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Ludgershall shown within Wiltshire
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Ludgershall (// LUG-ər-shawl, with a hard g) is a town and civil parish 16 miles (26 km) north east of Salisbury, Wiltshire, at grid SU264509. The population was: 535 in 1831; 1,906 in 1951; and 3,775 in 2001. Ludgershall is now officially a town.
The entry in the Domesday Book (1086) reads as follows: "Edward of Salisbury holds Ludgershall. Alfward held it before 1066; it paid tax for one hide (about 24 acres). Land for 3 ploughs. In Lordship 2 ploughs, 3 slaves; 8 Cottagers with 1 plough. Pasture 3 furlongs long and 1 furlong wide; woodland ½ league long and 2 furlongs wide. The value was 100 shillings
Ludgershall was originally called "Litlegarsele", often rendered as "lytel", small and "garsheath", a grassy place thus a "small grazing area" or "little grass heath".
In 1141 the Empress Maud took refuge in Ludgershall Castle as she fled from Stephen's army. She was accompanied by Milo Fitzwalter and escaped disguised as a corpse to Vies (Devizes) and thence to Gloucester. Some 600 years later a seal was found by a ploughman, bearing a knight in armour and holding a lance shield with the inscription "Sigillum Millonis De Glocestria". It is thought Fitzwalter threw away the seal to avoid identification when he escaped as a beggar. During succeeding centuries Ludgershall Castle was occupied by many distinguished persons and royalty frequently resided there. The village grew around the castle.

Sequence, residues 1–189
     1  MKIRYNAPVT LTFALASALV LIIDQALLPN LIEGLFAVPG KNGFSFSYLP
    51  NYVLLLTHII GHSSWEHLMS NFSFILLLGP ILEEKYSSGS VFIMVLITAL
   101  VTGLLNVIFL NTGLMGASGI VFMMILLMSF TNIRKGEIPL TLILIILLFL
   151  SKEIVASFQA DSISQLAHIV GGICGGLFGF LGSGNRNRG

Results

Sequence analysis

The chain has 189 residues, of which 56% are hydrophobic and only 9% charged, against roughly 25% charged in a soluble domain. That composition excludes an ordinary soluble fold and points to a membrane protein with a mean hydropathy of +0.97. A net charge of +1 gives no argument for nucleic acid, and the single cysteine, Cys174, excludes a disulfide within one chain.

The town now features the remains of this 12th-century fortified royal residence known as Ludgershall Castle. Three large walls still remain of the private residence, which was turned into a hunting lodge by Henry III but fell into disuse by the 15th century. The property is now under the care of English Heritage. Extensive earthworks remain, although a large section of the original plot is now a private residence.
Ludgershall was a parliamentary borough, which elected two Members of Parliament (MPs) to the House of Commons from 1295 until 1832, when the borough was abolished by the Great Reform Act. The small size of Ludgershall led to it being cited as an example of a "Rotten Borough".
The remains of a Medieval preaching cross are situated in the town centre. This is also under the care of English Heritage. It was re-erected some time in the early 19th century in the area that formed the old market place, near the present Queen's Head pub at the end of High Street. It is some 12 feet in height and in 1897, to celebrate the Diamond Jubilee of Queen Victoria, an ornamental iron fence was erected around the cross. The cross has carved representations on four sides but they are badly eroded. It is thought the original sculptured panels represented:
- North side - The Ascencion
- South side - The three Marys
- East side - The Crucifixion
- West side - Command to St Paul
The railings were designed by A. H. Huth and bear a crown in each corner. A local Masonic lodge, The Border Lodge no.3129, consecrated in 1905 and meeting at the old Prince of Wales House hotel building, uses the preaching cross as its emblem.